Your skin can take a major hit during the cold weather season. When cracked lips become more of a regular occurrence, it makes sense that the best hydrating lip balms would become your go-to product. The dry winter air means your skin care routine probably needs a moisturizing boost to help combat flaky or parched, flaky skin. That includes chapped lips, which can feel irritated or painful or even result in bleeding. So, it’s a good idea to have a couple of go-to, nourishing lip balms in your bag. SELF spoke with dermatologists to learn more about their favorite lip balm products, and how to choose the best one for you.
What makes a lip balm hydrating?
“Lip balms can deliver a variety of moisturizing agents, ranging from shea butter and squalane to hyaluronic acid,” Audrey Kunin, MD, a dermatologist and the founder of DERMAdoctor tells SELF. “Ideally, in addition to hydrating [the skin], a lip balm will also help repair dry lips. This can involve the inclusion of mild exfoliating ingredients (think AHAs or PHAs) that help lift away dead or dry skin, or ceramides that repair the natural skin barrier.” Additionally, an occlusive ingredient, like petrolatum or shea butter, will protect the lips and help them retain moisture, Nicole Hayre, MD, FAAD, a board-certified dermatologist and the founder of the Cosmetic Dermatology Center in McLean, Virginia, tells SELF.
What are some hero ingredients to look out for in lip balms?
When shopping for the best hydrating lip balms, Dr. Hayre recommends looking for products with “antioxidants such as vitamin E or vitamin C, and some hyaluronic acid to aid in hydration.” In addition to the ceramides, petrolatum, squalane, and shea butter mentioned above, Dr. Kunin adds that lip balms with glycolic, lactic, or lactobionic acids are also good to take note of in the ingredient list. As for your morning routine, Dr. Hayre recommends using an SPF lip balm during the day, which should contain “zinc oxide or titanium dioxide to further protect the lips from damage.”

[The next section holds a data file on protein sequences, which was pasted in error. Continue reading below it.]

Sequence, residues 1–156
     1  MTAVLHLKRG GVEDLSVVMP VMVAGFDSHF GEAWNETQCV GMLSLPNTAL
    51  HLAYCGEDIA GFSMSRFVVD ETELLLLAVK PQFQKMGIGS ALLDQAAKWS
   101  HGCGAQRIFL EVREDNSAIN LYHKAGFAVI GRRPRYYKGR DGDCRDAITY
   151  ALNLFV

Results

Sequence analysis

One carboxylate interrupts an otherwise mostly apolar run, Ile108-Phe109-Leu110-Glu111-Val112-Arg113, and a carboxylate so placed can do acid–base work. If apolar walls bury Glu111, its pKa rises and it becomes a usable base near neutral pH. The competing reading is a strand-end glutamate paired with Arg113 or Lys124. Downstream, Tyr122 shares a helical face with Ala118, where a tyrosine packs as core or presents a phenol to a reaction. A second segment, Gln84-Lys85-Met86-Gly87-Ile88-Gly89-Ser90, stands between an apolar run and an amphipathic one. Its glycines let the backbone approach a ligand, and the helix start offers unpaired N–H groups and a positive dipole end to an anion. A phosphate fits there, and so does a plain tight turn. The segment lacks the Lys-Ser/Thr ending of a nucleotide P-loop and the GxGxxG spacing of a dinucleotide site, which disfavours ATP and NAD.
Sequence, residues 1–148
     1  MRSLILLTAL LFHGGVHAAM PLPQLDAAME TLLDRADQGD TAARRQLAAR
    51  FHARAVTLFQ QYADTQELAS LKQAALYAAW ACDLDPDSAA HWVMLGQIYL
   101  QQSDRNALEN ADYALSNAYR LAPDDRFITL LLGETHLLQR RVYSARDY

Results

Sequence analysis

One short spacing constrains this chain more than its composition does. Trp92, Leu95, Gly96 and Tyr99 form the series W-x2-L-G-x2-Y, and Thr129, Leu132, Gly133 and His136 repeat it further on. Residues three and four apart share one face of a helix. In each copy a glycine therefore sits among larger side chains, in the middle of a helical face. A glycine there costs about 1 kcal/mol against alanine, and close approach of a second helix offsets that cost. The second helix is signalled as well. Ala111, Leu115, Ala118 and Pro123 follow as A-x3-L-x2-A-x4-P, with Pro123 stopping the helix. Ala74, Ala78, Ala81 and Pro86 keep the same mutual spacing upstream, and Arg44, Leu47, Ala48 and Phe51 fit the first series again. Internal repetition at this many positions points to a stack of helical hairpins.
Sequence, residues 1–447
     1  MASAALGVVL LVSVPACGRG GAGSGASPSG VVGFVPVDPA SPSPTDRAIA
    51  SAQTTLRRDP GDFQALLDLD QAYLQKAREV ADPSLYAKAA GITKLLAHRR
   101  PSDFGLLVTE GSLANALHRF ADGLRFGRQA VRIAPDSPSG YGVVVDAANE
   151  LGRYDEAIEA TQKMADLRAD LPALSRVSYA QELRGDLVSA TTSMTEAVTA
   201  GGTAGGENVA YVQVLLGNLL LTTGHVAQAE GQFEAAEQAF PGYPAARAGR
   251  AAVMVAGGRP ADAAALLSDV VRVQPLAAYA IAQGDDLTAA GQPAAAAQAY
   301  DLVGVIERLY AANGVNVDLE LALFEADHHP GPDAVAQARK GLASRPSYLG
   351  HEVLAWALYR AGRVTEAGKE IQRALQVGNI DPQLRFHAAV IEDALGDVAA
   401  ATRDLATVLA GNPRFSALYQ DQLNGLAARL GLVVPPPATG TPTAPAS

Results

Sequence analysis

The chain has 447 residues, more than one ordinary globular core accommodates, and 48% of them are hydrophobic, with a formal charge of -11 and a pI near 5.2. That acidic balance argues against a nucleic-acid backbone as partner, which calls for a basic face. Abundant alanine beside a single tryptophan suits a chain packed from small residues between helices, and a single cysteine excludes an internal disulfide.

What is the difference between lip balms, lip oils, and lip masks?
With so many lip products to choose from, you might be struggling to understand what to use and when. Keep this in mind, per Dr. Hayre: “A lip oil is oil-based and penetrates into the lip whereas a lip balm is a wax-based product that is more occlusive,” she explains. “Masks are thicker than balms. While oil-based may sound better initially, it is actually the occlusive properties of the balms and masks that prevent transepidermal water loss and help to keep the lips moist.” Simply put, transepidermal water loss is the amount of water that evaporates from the surface of your skin, which can contribute to overall dryness.
Now it’s time to get your lip balm on. Below, we’ve rounded up the best lip balms to keep your skin healthy and hydrated, according to dermatologists, customer reviews, and testers from our Healthy Beauty Awards.